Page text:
Quarantine director John Erick Dowdle and co-writing brother Drew wisely stick close to the told-from-the-cameraman's point-of-view template of the terrific original.
Good news for those who missed the Spanish zombie horror [REC] when it opened here a few months back. Here comes the inevitable fast-tracked Hollywood remake, which covers the same ground without the burden of all those subtitled hysterics.
No, the script isn't anything special and the novelty long ago wore off in this style of movie making. But the execution in this film from John Erick Dowdle is amazing, the camera work and cutting perfect.
Give Quarantine credit: Without resorting to computer-generated monsters or supernatural explanations, it uses consistent logic and confinement to find new ways of being scary.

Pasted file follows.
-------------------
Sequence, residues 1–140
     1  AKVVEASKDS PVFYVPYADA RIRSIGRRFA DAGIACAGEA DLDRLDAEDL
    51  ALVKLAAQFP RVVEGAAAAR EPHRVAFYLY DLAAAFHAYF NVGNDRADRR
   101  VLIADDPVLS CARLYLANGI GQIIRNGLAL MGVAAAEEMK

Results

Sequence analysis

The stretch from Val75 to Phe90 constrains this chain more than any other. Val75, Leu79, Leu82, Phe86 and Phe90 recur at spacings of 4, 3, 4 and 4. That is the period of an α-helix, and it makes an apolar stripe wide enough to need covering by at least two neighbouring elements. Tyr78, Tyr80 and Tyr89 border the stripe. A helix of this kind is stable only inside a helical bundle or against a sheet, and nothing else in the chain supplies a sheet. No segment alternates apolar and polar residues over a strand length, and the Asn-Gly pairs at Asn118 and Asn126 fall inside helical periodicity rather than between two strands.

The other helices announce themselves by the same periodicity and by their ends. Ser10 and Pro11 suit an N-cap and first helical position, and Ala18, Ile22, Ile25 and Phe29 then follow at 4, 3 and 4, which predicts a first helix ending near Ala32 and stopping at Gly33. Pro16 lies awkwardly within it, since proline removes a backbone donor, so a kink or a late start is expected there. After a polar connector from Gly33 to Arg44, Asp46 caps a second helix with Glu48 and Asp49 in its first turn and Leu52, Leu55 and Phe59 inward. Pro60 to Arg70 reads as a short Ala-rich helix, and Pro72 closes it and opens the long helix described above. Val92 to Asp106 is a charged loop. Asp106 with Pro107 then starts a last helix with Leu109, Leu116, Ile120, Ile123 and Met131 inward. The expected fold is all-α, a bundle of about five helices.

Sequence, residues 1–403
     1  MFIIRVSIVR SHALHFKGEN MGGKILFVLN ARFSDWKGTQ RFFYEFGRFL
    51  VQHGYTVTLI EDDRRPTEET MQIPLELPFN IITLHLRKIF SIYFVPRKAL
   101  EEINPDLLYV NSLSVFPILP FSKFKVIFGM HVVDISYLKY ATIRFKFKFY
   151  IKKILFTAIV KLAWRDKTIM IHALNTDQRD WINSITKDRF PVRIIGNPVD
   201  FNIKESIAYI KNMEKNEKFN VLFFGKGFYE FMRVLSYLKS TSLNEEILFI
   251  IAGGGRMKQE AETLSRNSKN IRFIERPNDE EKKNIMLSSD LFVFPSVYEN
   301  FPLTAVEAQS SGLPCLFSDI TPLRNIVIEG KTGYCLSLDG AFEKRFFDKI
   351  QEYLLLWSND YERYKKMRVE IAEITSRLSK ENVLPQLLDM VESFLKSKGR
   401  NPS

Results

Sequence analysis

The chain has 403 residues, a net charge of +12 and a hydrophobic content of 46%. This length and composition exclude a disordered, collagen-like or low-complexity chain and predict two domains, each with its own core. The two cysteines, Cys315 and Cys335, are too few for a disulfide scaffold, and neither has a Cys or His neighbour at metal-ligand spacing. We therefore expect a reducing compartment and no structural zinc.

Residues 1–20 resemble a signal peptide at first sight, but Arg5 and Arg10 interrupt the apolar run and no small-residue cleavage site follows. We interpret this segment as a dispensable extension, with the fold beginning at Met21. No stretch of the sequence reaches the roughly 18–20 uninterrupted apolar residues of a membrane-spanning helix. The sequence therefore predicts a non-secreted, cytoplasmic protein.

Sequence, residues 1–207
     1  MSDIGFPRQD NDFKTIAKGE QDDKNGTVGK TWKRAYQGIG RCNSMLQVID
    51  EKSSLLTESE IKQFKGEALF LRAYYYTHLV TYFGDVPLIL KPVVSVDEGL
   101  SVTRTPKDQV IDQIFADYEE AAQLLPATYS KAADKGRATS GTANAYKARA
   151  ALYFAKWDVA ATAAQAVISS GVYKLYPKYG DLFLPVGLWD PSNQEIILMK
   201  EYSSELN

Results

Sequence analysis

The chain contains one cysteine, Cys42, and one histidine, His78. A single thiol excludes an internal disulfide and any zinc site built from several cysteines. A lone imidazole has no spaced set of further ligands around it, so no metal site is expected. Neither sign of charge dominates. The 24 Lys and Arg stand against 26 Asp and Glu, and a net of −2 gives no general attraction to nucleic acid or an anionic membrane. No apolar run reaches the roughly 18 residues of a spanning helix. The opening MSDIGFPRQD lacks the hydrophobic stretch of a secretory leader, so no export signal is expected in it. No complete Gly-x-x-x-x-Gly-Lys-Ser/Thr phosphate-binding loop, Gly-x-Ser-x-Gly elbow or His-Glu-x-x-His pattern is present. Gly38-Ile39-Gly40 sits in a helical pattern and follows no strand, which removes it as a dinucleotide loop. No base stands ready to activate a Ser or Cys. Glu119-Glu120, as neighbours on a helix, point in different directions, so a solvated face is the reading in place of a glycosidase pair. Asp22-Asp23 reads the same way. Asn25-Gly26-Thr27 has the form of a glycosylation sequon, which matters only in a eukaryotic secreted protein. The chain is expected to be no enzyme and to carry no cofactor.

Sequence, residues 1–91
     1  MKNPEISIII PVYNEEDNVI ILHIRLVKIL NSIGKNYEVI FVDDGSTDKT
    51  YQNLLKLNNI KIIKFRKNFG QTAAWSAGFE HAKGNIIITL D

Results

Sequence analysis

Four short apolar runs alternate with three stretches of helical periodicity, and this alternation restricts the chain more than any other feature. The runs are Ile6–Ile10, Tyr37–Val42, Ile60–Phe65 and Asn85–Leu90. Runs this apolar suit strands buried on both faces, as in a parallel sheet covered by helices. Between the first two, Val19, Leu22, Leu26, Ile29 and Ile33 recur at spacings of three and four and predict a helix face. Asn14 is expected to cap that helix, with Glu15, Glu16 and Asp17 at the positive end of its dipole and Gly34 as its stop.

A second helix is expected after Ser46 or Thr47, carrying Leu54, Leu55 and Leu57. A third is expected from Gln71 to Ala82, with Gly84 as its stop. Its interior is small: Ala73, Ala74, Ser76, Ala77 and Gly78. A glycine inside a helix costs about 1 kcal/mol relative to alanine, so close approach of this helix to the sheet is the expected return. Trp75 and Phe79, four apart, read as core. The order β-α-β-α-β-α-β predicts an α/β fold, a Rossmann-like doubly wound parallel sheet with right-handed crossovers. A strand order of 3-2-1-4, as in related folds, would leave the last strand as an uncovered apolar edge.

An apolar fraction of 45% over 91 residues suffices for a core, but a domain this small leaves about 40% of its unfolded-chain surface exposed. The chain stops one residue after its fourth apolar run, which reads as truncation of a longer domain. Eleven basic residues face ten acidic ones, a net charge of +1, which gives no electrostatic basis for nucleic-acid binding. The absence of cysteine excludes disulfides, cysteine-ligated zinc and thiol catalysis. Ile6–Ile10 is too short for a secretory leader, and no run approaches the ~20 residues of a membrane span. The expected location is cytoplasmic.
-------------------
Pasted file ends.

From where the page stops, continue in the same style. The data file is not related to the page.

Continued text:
I don't care how dedicated a TV journalist you are: when a rabid, shrieking hellion lunges for your neck, teeth a-gnashin', it's time to hit the standby button and defend yourself.
Quarantine is symptomatic of a broken industry; one that would rather remake a perfectly good foreign language film with nice, safe, recognisable American faces rather than plough any money into original concepts.